Government puts itself on “collision course” with workers
Edmonton – Today’s provincial budget is a flawed document designed around false economies and myths about public-sector workers.
During his budget speech, the Finance Minister Doug Horner argued that public-sector wages should be “competitive” with those in the private sector – completely ignoring the fact that Statistics Canada data shows that public-sector wages are statistically indistinguishable.
“As a result of this approach to budgeting, the government is putting itself on a collision course with workers,” AFL president Gil McGowan said. “Public-sector workers earn on average the same as their counterparts in the private sector. But this government has workers in the crosshairs – whether it’s attacking their pensions or their wages.”
The minister took aim at pension plans during his speech, insinuating that the plans needed drastic changes to keep them as defined-benefit plans – completely ignoring the fact that independent actuaries have confirmed that the unfunded liabilities of the two largest pension plans, the Local Authorities Pension Plan (LAPP) and the Public Service Pension Plan (PSPP), are shrinking, and will be paid off by 2025.
“This is a budget based on two big lies, and they’re big lies that are disrespectful to workers in health care, in education, in law enforcement and in every part of the public service,” McGowan said. “The facts are that public-sector worker compensation is on par with the private sector, and their pensions are modest, sustainable and stable.”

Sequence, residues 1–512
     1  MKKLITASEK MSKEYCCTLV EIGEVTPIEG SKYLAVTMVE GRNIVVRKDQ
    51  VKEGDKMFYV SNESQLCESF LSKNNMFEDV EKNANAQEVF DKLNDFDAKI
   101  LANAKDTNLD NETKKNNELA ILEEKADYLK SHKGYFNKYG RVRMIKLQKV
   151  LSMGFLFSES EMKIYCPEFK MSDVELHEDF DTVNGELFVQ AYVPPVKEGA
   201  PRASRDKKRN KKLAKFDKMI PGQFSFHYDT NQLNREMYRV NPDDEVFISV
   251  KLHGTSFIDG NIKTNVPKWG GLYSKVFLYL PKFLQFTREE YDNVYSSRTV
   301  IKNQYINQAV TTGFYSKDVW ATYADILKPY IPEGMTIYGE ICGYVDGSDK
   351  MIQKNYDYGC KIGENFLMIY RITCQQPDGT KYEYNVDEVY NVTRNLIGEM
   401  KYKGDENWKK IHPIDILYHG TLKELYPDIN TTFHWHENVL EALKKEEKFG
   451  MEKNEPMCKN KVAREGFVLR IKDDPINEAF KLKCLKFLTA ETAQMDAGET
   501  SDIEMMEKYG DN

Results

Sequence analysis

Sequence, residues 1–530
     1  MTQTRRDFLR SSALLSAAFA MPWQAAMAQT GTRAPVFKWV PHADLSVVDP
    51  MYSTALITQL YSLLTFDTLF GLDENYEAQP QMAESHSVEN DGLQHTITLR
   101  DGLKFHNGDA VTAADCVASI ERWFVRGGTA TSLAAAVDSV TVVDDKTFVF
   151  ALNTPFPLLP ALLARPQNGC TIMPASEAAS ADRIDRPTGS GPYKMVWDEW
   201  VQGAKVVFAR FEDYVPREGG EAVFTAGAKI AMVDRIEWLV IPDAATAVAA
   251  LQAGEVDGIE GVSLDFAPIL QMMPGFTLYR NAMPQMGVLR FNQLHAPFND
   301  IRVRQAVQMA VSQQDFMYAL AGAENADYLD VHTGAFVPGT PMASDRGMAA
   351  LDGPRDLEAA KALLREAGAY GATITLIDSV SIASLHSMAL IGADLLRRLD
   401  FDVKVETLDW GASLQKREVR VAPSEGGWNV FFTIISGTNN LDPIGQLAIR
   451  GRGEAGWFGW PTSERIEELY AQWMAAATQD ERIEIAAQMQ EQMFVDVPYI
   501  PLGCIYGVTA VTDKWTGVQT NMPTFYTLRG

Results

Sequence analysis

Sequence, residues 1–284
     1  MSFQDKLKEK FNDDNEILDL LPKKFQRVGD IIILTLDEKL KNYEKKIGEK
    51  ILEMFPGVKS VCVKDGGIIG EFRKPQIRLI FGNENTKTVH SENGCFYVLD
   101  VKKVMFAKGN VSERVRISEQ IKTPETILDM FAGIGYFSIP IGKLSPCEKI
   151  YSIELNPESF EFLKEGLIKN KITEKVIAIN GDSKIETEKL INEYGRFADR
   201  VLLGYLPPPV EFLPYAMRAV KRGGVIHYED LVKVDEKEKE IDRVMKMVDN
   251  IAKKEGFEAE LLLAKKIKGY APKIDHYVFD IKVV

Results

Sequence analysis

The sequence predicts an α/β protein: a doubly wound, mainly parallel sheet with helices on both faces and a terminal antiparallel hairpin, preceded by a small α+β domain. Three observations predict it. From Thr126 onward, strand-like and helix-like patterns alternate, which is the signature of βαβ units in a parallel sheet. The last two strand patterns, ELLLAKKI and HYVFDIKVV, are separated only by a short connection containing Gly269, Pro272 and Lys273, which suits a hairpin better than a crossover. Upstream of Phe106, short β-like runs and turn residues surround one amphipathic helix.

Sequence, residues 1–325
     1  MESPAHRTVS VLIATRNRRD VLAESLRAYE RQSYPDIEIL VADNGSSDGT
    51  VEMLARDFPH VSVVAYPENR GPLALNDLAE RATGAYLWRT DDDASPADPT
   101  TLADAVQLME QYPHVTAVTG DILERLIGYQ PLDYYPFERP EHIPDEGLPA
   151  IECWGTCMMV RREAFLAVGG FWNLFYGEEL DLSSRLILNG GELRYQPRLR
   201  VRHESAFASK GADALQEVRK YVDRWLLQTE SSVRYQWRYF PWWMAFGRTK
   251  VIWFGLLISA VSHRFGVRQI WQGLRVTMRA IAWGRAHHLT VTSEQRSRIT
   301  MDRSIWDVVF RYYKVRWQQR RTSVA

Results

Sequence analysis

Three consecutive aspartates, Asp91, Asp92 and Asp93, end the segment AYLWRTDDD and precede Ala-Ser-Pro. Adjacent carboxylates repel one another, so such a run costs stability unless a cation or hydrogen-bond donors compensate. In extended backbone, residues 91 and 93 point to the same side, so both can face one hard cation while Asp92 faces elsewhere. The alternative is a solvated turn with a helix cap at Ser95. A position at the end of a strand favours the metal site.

The budget, which includes plenty of spending on capital projects, does not have much allocated to maintaining the services that Albertans value. The Minister proudly trumpets how they’re ‘holding the line,’ on public-sector wages, ignoring how much those wages have been falling behind inflation. By comparison, wages in the private sector are going up on average three to five per cent each year.
“I’m concerned because this is a burning-bridges budget. It’s a budget that sets the stage for tension with labour, it sets the stage for employees looking for jobs elsewhere, and it sets the stage for costly court battles,” McGowan said.
“I might say that it sets the stage for labour strife, but they’ve made it illegal for me to suggest such a thing.”
Olav Rokne, Communications Director, Alberta Federation of Labour at 780.289.6528 (cell)
or via e-mail [email protected]